Meanwhile, the shop has to run. The manager withdrew more from the wrenching side of the business as the business side took more attention. He also enjoys the sales floor more than I do. Despite the fact that he's been through three carbon frames and a trip to the ICU in the past five years, he's still fully confident in the material. He's down to earth enough to have avoided getting caught up in the tubular tire craze, but he has no complaints about brifters and skinny, expensive chains made out of tinsel. He finds the bright side of the products the industry insists on producing rather than wasting his time on resistance and subversion.

Each of us has a full-time job keeping this battered lifeboat afloat. Aside from the manager's parents, the other staff members also have vital tasks, but they haven't been in skiing, cycling or the related industries long enough to have the fluency that comes from a lifetime thoroughly squandered in self-propelled travel sports. If I'd known this was all I was going to amount to, I would have paid more attention. It was, after all, just a temporary job for rent and beer money while I got ready for much cooler things to happen to me. Even so, rolling along like a ball of rubber cement, a lot of stuff has stuck to me. Maybe feeling like an outsider all this time has given me the perspective to stay out of the industry's seductive web of addictive doodads and obsessively narrow focus.

The manager now piles up publications for us all to read. There's more to work than just looking like you're working.

Wednesday, December 15, 2010

We learn from our customers

I'm not a gear addict. During the innovation avalanches of the 1990s I just waited for the rubble to settle and then learned how to fix all the crap that landed on the pile. I let customer inquiries guide my research. It still seems like the best approach. Whatever someone brings to my attention I judge by the same basic principles.

I really appreciate the enthusiasts who bring us the news. They help gather and filter more results than we could on our own. The ones who actually buy things from us also help us decide what to keep in stock.

In the 1990s the interaction was more hostile. The challenging customer would come in with an attitude, to see if we were hip enough to deserve his business. We still get a little of that, but not for long, because we rapdly fail the hipness test and see them no more. Competition between shops was harsh. Customers played shops against each other. Gossip was rampant. We still gathered intelligence using field operatives and informants, both willing and unwitting. It was simply more defensive. I don't miss that.

Thursday, December 02, 2010

Driven to Distraction

My last ride was November 23. It seems longer ago than that.

We went to visit my wife's foodie relatives in Vermont for Thanksgiving. That involved a lot of fine food and drink and no major exertion at all. I'm not complaining. They don't trust us with the really good wine, but they didn't hold back on a highly satisfactory single malt scotch. The turkey was locally raised and very fresh. Their palates wouldn't let them serve utter swill for table wine, even though they didn't present the pride of their cellars.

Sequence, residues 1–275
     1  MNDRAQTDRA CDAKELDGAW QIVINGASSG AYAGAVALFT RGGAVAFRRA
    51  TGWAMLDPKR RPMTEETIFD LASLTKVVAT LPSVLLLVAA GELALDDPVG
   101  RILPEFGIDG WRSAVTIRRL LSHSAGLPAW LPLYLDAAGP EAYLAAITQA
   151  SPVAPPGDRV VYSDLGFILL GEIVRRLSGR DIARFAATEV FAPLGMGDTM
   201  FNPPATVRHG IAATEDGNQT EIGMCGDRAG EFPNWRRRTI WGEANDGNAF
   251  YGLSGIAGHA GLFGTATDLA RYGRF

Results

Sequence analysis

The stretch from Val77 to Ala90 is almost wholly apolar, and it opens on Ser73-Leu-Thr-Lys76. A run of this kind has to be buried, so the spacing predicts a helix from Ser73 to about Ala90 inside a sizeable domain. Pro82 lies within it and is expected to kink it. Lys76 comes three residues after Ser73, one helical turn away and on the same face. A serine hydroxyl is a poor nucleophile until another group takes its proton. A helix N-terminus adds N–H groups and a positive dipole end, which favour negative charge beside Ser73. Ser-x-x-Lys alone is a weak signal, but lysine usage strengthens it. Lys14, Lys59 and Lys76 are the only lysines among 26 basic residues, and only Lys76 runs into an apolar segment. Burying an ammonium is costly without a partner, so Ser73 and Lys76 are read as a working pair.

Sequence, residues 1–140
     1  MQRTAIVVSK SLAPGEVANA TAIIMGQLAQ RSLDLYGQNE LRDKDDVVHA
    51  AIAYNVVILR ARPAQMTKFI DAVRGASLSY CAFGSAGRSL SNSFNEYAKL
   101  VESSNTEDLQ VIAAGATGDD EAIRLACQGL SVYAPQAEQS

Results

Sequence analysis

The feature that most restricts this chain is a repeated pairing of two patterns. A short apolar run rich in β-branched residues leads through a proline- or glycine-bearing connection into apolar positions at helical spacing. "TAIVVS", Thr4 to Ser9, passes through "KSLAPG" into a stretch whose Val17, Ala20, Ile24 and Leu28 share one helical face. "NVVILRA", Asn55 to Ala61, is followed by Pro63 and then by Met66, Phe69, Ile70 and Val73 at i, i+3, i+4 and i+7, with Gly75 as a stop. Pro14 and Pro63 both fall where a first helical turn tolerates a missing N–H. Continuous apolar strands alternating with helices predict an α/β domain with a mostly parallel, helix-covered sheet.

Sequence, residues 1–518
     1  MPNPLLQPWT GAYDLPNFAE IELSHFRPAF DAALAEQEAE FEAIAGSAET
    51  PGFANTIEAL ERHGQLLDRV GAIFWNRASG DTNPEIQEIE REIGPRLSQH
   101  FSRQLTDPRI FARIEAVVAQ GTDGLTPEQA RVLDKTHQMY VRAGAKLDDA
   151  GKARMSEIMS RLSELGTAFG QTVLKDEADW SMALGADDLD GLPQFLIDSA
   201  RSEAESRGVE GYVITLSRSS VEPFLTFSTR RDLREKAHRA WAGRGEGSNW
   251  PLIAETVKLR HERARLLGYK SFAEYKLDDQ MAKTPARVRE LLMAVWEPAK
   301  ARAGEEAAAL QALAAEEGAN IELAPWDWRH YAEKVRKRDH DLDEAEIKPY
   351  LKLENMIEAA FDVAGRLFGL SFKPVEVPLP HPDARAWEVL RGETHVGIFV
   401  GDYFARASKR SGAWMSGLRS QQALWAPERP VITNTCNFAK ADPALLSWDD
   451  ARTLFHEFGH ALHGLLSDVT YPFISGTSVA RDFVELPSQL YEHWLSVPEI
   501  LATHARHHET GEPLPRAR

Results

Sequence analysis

Speaking of utter swill, I've decided to order the SRAM iLight generator hub. Using the wine analogy, in order to discover for yourself that great $2 bottle, you risk drinking a lot of swill. The only information I've been able to dig up on the iLight has indicated it might be a really good value. The only way to know for sure is to build up a wheel and put it to the test.

Other factors than my aversion to swallowing the Shimano Kool Aid went into this decision. Of the three major contenders for my hub dollar, Schmidt, Shimano and SRAM, only Schmidt and SRAM offered a rim-brake hub with 36 holes. Overkill? Perhaps. But what if I move the rig to a loaded tourer? It might still be overkill, given that front wheels just seem to go forever. I still want to support the vanishing 36-hole species.

I got additional support for the beefier wheel when I stepped onto the scale at my doctor's office yesterday and faced the effects of the decadent living in Vermont and my own reduced riding and depressive snacking. Even though I don't get caught up in a lot of holiday madness, I seem to lose my whole routine during the time between mid November and the beginning of January. It must be endemic to the winter solstice. If I lived on a tropical island with no calendar, I wonder if I would be able to float along in a steady routine without these unrequested fluctuations.

I actually enjoy a little hibernation. It's unnatural to be buffed and aggressive all year. Nothing like the end of November and most of December to provoke quiet contemplation. And comfort eating.

I've been on the rollers a couple of times. No doubt I'll figure out what to do as the winter evolves. If the roads stay clear enough I'll get out on the faithful fixed gear as well.

Thursday, November 18, 2010

Nothing up my sleeve...except the rest of my jacket

For what it's worth, I came up with this simple, obvious way to turn my wind jacket into a streamlined bundle for easier carrying on the rear rack of my wet weather bike.